By Marcela Lepore (10/2023)
Artificial Intelligence (AI) isn't a recent invention; it has been part of our lives for decades. We encounter it daily through our smartphones, in the algorithms that power social networks, predictive text, voice assistants, and GPS navigation systems. While it has made our lives more convenient, we might not have fully grasped its potential until now. The rapid evolution of AI has shown us that it can perform tasks we once thought were exclusive to humans, making some tasks easier but also revealing its inherent risks.
The benefits of AI appear boundless, as it is used by many companies for data analysis, virtual customer service assistants, algorithm manipulation to boost brands, and task automation alongside human teams. However, it also raises questions about potential job displacement, hidden biases, and the unforeseeable dangers of its implementation.
ChatGPT, along with its new version, GPT-4, possesses multiple functions that enable precise task execution and complex question answering. This prompts us to question the ethics of its use, as it relates to the erosion of trust and transparency in today's globalized business and news landscape. In light of these concerns, society must apply ethics to make decisions based on shared values and the common good.
Companies, in particular, bear a responsibility to engage in this discussion. AI technology offers them numerous benefits, but it also necessitates the establishment of ethical boundaries. They must foster critical thinking and demonstrate that they can provide more value than AI alone. To achieve this, professionals capable of reasoning and interpreting AI's impact are essential, allowing AI to be a tool that enhances our lives and work without manipulating us.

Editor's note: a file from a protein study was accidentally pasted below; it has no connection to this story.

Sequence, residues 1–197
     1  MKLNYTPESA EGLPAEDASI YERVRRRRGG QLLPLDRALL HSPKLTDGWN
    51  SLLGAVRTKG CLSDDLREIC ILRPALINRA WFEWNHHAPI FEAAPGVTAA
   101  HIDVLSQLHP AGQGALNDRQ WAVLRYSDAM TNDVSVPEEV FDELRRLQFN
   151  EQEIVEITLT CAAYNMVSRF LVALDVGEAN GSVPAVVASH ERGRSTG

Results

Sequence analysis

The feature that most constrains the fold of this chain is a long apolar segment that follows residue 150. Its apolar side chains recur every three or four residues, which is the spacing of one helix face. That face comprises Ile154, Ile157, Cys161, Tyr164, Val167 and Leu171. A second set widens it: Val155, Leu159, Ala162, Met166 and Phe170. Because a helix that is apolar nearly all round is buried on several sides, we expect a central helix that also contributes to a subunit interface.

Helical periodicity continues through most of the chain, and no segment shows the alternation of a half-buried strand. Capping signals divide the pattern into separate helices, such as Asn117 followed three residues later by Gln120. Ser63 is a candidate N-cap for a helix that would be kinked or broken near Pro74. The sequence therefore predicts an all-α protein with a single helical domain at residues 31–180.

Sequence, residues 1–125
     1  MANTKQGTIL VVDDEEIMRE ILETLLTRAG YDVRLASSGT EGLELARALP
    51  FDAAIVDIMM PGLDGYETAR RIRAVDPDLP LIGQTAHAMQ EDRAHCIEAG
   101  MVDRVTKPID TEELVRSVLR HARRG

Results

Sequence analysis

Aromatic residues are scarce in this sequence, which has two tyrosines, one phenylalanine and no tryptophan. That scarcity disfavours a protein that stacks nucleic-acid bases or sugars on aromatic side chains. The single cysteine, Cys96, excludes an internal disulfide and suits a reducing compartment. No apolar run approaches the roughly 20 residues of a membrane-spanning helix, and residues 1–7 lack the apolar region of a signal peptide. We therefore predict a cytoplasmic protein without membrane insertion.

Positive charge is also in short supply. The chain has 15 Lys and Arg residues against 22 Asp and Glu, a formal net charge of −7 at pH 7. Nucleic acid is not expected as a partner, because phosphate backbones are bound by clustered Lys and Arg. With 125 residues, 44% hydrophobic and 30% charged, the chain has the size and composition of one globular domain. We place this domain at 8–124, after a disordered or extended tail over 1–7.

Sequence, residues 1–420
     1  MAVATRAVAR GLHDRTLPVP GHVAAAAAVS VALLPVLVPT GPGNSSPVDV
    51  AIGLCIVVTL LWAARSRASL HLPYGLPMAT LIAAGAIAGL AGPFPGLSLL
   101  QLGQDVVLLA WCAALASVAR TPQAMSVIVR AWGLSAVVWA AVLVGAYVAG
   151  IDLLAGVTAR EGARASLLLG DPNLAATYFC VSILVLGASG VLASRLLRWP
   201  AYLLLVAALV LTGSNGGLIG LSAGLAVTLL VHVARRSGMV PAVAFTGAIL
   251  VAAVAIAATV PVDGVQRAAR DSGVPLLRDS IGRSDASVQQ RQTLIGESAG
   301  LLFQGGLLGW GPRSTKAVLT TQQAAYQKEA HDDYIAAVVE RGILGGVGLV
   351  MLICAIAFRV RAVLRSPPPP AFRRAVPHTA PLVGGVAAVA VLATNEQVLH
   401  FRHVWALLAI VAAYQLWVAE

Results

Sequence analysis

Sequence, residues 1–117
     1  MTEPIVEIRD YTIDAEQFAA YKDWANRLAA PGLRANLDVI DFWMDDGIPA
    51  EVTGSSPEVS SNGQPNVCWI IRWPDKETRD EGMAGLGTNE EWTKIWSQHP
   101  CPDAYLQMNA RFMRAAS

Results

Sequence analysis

So, what are the ethics in AI? When considering the dilemmas we face, we must address some ethical challenges:
1. Lack of Transparency in AI Tools: AI decisions aren't always understandable to humans.
2. Non-Neutrality of AI: AI-based decisions may lead to inaccuracies, discriminatory outcomes, and embedded biases.
3. Surveillance Practices for Data Collection and User Privacy.
4. New Concerns Regarding Fairness and Risks to Human Rights and Fundamental Values.
As a first step, it is crucial to establish an ethical framework of moral principles and techniques aimed at guiding the development and responsible use of artificial intelligence technology.